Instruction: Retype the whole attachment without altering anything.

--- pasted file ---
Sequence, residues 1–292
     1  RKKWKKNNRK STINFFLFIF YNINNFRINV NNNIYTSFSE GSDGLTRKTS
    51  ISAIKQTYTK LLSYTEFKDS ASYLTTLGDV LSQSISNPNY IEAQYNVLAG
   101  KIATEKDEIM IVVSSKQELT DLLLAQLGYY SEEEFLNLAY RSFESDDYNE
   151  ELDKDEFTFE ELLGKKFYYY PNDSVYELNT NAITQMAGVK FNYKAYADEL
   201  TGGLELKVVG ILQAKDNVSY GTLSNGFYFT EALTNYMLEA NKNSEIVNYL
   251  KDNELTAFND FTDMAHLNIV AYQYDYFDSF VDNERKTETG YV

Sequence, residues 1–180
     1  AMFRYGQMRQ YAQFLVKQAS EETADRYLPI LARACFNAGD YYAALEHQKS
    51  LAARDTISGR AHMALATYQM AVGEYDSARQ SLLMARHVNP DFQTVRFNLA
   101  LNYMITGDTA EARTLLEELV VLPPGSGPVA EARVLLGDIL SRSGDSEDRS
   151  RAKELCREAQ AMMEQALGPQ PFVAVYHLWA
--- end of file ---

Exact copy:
Sequence, residues 1–292
     1  RKKWKKNNRK STINFFLFIF YNINNFRINV NNNIYTSFSE GSDGLTRKTS
    51  ISAIKQTYTK LLSYTEFKDS ASYLTTLGDV LSQSISNPNY IEAQYNVLAG
   101  KIATEKDEIM IVVSSKQELT DLLLAQLGYY SEEEFLNLAY RSFESDDYNE
   151  ELDKDEFTFE ELLGKKFYYY PNDSVYELNT NAITQMAGVK FNYKAYADEL
   201  TGGLELKVVG ILQAKDNVSY GTLSNGFYFT EALTNYMLEA NKNSEIVNYL
   251  KDNELTAFND FTDMAHLNIV AYQYDYFDSF VDNERKTETG YV

Sequence, residues 1–180
     1  AMFRYGQMRQ YAQFLVKQAS EETADRYLPI LARACFNAGD YYAALEHQKS
    51  LAARDTISGR AHMALATYQM AVGEYDSARQ SLLMARHVNP DFQTVRFNLA
   101  LNYMITGDTA EARTLLEELV VLPPGSGPVA EARVLLGDIL SRSGDSEDRS
   151  RAKELCREAQ AMMEQALGPQ PFVAVYHLWA